Luckily, though, Proposition 103 also made it illegal for California car insurance companies to use your credit score as a factor in determining your rates. So, if you’re dealing with big credit card bills, student loan payments, or anything else that has lowered your credit score, you can at least rest easy knowing it won’t make your car insurance premiums go up! (California is actually the only state in the country that has a law like this in place, so let’s hear it for the Golden State!)
You married someone who’s a worse driver than you are
If you and your new husband have decided to share a car insurance policy — and he’s got a bunch of tickets or accidents under his belt — you’ll see your premiums go up, even if you’re the safest driver in the world!
Your kids just started driving
Insurance companies consider teenage drivers to be some of the riskiest out on the roads. Even if your kids are good drivers, they’re in an age group that statistically is very dangerous. So, adding your kids onto your policy will make your monthly premiums go up.
(However, your kids can actually save you a little bit of money every month if they do well in school. We’ll explain how a little bit later when we talk about discounts.)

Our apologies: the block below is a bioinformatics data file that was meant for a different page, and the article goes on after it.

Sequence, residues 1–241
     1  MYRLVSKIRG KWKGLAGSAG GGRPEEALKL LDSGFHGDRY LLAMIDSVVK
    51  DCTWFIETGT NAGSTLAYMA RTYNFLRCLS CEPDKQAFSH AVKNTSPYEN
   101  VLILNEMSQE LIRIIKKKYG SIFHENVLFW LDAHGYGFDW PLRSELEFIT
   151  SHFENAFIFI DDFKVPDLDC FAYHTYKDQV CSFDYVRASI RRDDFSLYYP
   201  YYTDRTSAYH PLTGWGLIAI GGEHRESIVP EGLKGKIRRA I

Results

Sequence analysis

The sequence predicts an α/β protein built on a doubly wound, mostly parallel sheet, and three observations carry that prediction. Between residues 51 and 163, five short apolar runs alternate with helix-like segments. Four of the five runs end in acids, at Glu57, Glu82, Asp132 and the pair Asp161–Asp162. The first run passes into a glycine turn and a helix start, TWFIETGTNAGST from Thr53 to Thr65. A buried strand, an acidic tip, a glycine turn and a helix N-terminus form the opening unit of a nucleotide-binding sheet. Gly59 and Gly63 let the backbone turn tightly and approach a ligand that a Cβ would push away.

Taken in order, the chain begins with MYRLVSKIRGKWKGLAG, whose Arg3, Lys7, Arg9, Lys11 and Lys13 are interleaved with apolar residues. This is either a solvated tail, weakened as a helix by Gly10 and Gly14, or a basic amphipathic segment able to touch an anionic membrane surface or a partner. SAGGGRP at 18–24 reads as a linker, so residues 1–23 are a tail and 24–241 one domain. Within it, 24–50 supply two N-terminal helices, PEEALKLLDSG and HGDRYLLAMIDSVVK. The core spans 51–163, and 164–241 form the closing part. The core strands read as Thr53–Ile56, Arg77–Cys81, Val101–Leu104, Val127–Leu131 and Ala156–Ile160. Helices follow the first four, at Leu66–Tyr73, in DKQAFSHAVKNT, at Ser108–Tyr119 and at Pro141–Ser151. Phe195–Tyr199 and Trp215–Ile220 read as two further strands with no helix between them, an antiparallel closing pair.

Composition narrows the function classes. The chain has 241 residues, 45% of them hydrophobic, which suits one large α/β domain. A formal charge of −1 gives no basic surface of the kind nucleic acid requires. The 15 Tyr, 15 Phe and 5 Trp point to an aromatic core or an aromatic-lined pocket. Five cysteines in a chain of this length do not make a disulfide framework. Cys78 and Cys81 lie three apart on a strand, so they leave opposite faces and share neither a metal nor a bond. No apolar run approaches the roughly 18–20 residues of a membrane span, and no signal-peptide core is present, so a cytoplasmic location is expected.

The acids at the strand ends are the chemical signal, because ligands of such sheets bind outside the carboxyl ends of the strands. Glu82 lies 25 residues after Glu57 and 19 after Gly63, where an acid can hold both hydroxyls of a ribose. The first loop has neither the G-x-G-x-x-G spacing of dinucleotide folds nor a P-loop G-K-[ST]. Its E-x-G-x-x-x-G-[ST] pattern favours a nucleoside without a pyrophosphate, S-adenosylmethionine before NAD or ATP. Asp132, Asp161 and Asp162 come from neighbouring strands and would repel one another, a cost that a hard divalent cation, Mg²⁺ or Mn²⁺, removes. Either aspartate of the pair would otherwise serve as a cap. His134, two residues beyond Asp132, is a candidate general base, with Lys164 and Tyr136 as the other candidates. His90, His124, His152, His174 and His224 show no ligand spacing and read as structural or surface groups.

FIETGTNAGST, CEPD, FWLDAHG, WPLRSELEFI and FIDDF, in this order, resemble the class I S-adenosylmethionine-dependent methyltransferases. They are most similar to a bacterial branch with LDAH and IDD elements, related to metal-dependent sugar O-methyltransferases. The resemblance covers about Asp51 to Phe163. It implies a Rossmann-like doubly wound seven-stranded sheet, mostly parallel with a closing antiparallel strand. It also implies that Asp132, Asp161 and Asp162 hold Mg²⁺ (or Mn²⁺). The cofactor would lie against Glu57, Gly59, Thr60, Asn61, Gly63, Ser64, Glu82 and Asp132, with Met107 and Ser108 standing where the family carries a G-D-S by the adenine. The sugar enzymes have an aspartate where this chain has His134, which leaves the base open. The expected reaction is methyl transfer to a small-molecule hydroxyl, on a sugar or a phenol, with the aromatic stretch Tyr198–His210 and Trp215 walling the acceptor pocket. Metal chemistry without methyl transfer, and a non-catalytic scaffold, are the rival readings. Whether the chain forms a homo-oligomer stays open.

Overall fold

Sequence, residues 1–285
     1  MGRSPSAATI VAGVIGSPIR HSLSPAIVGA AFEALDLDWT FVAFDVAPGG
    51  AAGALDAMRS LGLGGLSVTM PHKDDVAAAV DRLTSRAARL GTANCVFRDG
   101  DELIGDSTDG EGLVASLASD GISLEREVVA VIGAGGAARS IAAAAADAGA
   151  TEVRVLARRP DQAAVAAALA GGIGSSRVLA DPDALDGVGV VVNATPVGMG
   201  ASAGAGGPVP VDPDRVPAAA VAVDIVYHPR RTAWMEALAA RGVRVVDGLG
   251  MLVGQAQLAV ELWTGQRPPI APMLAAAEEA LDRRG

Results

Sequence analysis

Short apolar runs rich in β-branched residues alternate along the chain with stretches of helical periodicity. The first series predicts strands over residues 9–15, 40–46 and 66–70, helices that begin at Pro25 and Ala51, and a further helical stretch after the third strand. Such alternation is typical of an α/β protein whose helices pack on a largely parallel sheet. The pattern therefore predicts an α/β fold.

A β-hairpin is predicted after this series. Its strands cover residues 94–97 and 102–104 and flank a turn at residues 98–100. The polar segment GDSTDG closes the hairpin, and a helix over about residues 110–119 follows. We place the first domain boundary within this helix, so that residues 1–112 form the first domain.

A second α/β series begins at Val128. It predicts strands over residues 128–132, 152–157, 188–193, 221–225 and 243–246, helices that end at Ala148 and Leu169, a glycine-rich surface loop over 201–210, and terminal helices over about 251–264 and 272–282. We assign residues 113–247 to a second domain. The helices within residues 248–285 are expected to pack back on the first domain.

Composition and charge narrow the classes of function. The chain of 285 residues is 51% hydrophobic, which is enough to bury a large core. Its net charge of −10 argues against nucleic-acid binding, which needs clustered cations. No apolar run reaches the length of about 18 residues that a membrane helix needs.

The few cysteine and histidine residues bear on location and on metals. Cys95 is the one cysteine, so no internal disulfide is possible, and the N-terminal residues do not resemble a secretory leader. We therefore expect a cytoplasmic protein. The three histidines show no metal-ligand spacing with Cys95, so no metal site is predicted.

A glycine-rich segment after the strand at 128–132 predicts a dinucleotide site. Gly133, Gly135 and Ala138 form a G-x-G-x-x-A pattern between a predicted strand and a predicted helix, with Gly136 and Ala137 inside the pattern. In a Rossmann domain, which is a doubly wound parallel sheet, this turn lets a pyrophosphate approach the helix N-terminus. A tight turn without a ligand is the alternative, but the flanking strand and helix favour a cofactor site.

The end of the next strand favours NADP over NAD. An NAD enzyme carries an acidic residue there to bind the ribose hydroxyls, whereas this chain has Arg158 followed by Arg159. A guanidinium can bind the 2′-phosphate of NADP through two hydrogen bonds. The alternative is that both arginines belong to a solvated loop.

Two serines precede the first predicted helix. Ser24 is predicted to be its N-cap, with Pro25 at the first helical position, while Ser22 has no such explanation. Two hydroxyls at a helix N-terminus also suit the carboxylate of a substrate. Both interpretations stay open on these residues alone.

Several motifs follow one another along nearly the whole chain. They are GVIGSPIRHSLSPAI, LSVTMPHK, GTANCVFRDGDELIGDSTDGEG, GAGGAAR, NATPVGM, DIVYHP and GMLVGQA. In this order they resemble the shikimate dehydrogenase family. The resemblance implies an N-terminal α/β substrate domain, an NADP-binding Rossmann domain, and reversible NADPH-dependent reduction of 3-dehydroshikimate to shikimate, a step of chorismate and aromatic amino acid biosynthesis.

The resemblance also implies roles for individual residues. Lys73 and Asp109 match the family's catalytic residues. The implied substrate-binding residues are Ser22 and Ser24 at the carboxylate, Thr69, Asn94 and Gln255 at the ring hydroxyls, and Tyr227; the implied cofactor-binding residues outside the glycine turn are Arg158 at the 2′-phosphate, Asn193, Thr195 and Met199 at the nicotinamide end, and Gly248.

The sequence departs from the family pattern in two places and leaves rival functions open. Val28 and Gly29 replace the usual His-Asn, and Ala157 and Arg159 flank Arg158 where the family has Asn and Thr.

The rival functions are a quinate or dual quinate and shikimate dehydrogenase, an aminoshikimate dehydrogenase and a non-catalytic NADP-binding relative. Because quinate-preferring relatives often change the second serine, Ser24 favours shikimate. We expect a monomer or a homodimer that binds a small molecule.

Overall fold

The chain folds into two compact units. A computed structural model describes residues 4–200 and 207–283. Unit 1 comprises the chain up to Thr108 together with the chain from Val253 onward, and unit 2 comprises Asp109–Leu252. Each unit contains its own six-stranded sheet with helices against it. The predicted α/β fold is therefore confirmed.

You bought a new car
California’s car insurance companies don’t just assess the way you drive; they also assess the car you’re driving! Obviously, a new car is going to be worth more — meaning your insurance company will have to pay you more money if it’s stolen or totaled. And even if the damage isn’t all that severe, it will still cost more to repair a new car than an older one. Since your insurance company now faces a risk of paying out more money, they’re going to charge you higher premiums in return.
The type of car you bought may have also played a role in your newer, higher insurance premiums. For example, if you just traded in your minivan for a convertible, you’re going to wind up paying higher rates. Or, if you bought a car that has a higher tendency to be stolen — like a Honda or a Toyota — you’ll see your premiums go up.